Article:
YouTube gadget soon scorned on Capitol Hill?

While the Politicians video search mechanism Google is rolling out may be a good first step toward making YouTube profitable, its potential in other applications is even more intriguing.

Google CEO Eric Schmidt is on record wondering how YouTube will make money for Google. I doubt that the elections video search gadget unveiled today is the immediate answer, but it offers an intriguingly possible answer.

Google's speech experts from the company's research center came up with the gadget. Here's how it works:

Videos from YouTube's Politicians channels are automatically transcribed from speech to text and indexed. Using the gadget, you can search not only the titles and descriptions of the videos, but also their spoken content. Additionally, since speech recognition tells us exactly when words are spoken in the video, you can jump right to the most relevant parts of the videos you find.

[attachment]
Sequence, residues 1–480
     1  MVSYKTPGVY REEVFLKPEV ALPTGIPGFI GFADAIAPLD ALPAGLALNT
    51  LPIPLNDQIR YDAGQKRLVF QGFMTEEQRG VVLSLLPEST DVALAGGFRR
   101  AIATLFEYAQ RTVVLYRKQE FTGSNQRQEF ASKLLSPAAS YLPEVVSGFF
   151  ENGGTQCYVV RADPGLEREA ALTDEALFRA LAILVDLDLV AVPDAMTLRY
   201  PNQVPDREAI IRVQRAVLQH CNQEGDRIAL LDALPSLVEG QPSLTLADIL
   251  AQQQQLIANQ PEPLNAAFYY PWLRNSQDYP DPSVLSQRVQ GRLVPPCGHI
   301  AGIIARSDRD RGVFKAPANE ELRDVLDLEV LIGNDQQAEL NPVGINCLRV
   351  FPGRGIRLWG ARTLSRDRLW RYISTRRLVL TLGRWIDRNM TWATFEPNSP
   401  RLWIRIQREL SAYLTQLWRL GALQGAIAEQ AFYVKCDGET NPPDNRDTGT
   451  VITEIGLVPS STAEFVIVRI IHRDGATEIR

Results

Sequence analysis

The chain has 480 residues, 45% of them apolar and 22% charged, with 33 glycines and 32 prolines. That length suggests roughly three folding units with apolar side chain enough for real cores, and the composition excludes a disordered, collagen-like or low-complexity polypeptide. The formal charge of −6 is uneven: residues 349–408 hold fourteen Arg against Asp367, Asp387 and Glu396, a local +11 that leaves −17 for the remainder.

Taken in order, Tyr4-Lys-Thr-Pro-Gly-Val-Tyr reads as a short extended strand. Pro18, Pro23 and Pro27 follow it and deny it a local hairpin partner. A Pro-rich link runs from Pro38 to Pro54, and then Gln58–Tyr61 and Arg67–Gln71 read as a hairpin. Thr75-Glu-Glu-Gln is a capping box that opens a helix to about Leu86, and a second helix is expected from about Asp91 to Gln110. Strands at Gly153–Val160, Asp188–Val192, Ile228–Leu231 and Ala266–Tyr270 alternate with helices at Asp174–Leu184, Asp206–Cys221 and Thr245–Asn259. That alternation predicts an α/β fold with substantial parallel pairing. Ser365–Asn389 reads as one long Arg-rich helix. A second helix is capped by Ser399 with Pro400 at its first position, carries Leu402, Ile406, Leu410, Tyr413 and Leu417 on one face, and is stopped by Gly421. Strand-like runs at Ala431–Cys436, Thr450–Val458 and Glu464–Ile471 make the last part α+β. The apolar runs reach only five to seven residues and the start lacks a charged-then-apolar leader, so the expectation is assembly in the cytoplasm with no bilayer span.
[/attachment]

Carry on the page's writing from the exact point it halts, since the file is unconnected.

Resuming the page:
The catch is that the gadget can search only videos people upload to YouTube's Politicians channels. It's a good start, though. I'm waiting for Google to expand this beyond the proof-of-concept stage.

This is hard stuff, and Google acknowledges that a lot of work remains in refining algorithms and making sure that the transcriptions are accurate. But if Google can do this with political videos on YouTube, there's not much to prevent the indexing of all the videos found in its expansive library. If Google's able to incorporate the technology into desktop search, that would be hugely attractive.

In the meantime, suffice it to say that Google has developed what's likely to be remembered as the most scorned technology on Capitol Hill. And for good reason: we'll be able to catch the lying bastards who claim that they never said what they really said.

 

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